It was our pediatrician that first introduced us to Dr. Raymond and Dorothy Moore as pioneers of the home schooling movement. I remember that day vividly, because it was a turning point in our lives.
While Dr. Powell examined our two-week-old son, he asked our daughter, who had just turned two, to tell him about the book she was “reading.” She did just that, jabbering excitedly about each picture in her little book, giving a good summary of the story.
Before we left his office, the doctor mentioned that he and his were teaching their three children. He also said he sensed that we spent a good deal of time reading to our little girl.
“Have you folks ever heard of home schooling?”
We had not, but it sounded appealing. For the next 15 minutes, he explained the basis of homeschooling and answered our questions. When we left his office that day, we had a list of recommended book titles.
“Home Grown Kids,” by Dr. Raymond and Dorothy Moore, was the first book we bought and devoured. A few days later, Dr. Powell, his wife and three young children came over for supper. We were impressed with their children’s behavior and intelligence and much of the evening was spent talking about home schooling.
Before they left, they offered to loan us two other books they’d brought along: “Home Style Teaching” and “Better Late than Early,” both written by Dr. and Mrs. Moore. I read them both within a week before returning them to his office.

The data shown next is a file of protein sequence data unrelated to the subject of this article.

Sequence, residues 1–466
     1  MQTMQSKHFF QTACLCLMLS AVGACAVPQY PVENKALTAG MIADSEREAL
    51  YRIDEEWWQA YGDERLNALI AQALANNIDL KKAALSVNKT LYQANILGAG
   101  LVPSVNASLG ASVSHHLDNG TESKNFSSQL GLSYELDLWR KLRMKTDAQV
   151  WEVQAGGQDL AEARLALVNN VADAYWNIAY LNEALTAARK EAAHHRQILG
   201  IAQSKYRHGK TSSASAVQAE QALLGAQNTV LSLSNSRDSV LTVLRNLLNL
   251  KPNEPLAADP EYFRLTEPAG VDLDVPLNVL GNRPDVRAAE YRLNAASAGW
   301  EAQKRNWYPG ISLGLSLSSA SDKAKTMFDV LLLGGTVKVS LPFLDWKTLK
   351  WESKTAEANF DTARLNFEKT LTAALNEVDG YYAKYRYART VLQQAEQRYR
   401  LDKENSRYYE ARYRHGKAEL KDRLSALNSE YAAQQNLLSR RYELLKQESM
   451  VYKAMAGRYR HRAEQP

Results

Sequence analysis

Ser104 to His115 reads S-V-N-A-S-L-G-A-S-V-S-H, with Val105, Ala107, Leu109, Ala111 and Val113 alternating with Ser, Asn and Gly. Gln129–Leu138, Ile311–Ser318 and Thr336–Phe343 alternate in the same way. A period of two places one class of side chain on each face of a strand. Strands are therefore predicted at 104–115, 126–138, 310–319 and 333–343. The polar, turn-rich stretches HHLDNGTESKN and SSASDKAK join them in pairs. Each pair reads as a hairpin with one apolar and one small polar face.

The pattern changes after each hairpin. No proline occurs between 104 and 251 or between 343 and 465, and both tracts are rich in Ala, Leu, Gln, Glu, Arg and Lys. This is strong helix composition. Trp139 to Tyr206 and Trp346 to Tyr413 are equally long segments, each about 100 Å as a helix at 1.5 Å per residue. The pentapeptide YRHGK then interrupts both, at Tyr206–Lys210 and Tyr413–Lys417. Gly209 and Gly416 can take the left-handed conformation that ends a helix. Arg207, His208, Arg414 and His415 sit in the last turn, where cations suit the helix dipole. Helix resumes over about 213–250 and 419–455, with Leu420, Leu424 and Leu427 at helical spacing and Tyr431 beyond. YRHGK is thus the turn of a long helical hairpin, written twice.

Dr. Raymond Moore (a child developmental psychologist) and his wife Dorothy (a reading specialist), write from the heart. After spending 30 years in the public school system, they share their concern with how so many children in public schools were “falling through the cracks.”
Dr. Raymond and Dorothy Moore made a personal decision that made little sense to their peers – they gave up their jobs in the public education system. Back at home, they taught their own children and began writing about tried-and-true foundational principles that work in education.
“Home-Style Teaching” shares the stories of parents who followed the Moore’s common-sense methods of teaching children. With less pressure and more one-on-one tutoring, these parents saw their once-struggling children begin to bloom and exceed academic expectations.
As we left our pediatrician’s office that day, I couldn’t help remembering a statement he’d made: “You folks seem like good candidates for homeschooling.”
I’m glad he took time to tell us. I’m glad we listened. We only intended to teach our daughter and her brother for a few years before putting them in public school. As they progressed and exceeded our expectations, we decided, instead, to continue our efforts. After all, “if it ain’t broke, there’s no need to fix it.”
Our home school journey lasted 18 years. Our daughter graduated with honors from college and went on to graduate school to earn her Master of Music degree. Her brother studied political science before serving with the U.S. Marines after America was attacked in 2001. He has returned to college to take up where he left off and is doing well.
Our third child another son excelled in science and technology and also served with the U.S. Marines as a radio operator. He is now an established computer technician with a mind for programming and design.
Thanks to the Moore’s excellent home school legacy and their helpful publications, we found the information and assistance we needed to launch our own home school. In our opinion, their legacy as pioneers of America’s home school movement is unmatched.